One hot design: a robot to aid firefighters
Firefighters face incredible risks on the job, rushing into buildings and encountering heat, flames, and high levels of carbon monoxide. A team of UIC undergraduate seniors in electrical and computer engineering wants to make the profession a bit safer with a remote-controlled robot that can scout a fire ahead of humans. Their creation, FlameBot, can be deployed by fire departments and, within seconds, send video from inside a burning building to firefighters before they enter. It also can relay critical data such as CO levels and internal temperature.
The team of students—Megan Dague, Zachary Hellriegel, Sanjida Choudhury, and Cary Pope, known as ZMCSolutions—will present their proof of concept April 26 at UIC’s annual Engineering Expo, part of the two-semester Senior Design course. The Expo is the culmination of the course, allowing students to use the knowledge and skills they’ve acquired during their four years at UIC to solve a real-world problem.
“We wanted our project to be something that we cared about and that would help in the real world,” Choudhury said. “One of the most dangerous jobs is being a firefighter. We want to assist them so they know the dangers of the building and don’t go into a fire blindly.”
Choudhury said before designing the prototype, the team spoke with firefighters in the City of Chicago, Niles, Morton Grove, Lincolnwood, Skokie, Lake Villa, Antioch, Waukegan and Round Lake to see which tools would be of most value to them.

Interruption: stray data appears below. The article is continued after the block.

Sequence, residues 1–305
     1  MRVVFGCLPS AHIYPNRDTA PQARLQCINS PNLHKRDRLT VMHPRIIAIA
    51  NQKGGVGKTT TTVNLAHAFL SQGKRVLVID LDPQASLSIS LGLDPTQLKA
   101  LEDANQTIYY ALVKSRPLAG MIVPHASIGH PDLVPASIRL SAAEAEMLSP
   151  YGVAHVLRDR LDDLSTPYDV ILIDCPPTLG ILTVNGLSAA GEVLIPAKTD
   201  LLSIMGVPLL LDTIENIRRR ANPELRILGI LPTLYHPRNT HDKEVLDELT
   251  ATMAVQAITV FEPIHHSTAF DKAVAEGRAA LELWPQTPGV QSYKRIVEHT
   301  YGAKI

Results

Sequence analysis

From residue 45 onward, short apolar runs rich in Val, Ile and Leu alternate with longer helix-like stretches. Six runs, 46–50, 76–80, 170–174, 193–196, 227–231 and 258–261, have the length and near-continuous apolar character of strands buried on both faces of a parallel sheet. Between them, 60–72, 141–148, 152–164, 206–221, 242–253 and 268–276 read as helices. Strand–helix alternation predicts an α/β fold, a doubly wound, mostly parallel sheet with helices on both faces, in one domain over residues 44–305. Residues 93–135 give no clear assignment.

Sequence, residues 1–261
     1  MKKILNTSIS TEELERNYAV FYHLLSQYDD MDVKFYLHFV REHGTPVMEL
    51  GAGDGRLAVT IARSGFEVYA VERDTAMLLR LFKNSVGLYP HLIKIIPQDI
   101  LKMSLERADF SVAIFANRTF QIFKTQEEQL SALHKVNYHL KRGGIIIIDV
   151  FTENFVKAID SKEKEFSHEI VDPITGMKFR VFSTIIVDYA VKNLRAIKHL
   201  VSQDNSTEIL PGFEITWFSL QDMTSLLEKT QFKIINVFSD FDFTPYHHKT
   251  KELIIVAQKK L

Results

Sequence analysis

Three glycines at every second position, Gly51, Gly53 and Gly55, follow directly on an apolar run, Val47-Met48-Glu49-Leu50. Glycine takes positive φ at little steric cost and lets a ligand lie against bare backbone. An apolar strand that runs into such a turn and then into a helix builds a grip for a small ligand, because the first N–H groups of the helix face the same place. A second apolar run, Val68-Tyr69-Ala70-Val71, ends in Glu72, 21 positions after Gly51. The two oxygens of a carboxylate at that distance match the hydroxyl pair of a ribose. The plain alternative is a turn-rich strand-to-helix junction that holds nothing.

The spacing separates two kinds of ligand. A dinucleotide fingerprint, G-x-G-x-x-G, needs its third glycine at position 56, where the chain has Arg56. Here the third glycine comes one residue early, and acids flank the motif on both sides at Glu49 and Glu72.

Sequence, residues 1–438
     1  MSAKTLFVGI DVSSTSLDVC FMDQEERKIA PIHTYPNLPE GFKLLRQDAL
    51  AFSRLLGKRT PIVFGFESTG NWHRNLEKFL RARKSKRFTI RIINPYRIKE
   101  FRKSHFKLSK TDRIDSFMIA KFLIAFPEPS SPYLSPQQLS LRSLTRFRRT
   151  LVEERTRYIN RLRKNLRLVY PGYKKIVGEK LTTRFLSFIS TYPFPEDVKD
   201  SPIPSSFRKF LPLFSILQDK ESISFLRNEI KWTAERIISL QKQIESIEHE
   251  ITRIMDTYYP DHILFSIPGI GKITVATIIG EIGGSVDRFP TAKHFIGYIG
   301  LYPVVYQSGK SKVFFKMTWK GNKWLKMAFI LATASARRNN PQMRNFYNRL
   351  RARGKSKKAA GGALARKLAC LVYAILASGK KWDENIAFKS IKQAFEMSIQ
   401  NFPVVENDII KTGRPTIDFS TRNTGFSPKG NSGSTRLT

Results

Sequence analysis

The FlameBot firefighting robot prototype, currently under construction at UIC’s Makerspace, will have a temperature and gas sensor, camera, and rechargeable battery. It will be controlled via a laptop and is designed to be used multiple times. FlameBot is designed to arrive inside a building about 15 to 20 seconds from the time it’s deployed.
The prototype for Expo will not be fireproof due to cost and time constraints, but the team has looked into the necessary components to add that feature. The students look forward to sharing their findings with the fire departments they worked with.
“A lot of them wanted to see the prototype and what we came up with,” Choudhury said. “They had never thought of using a robot in firefighting.”
After graduation, all four students plan on finding full-time jobs in the robotics and electrical engineering fields.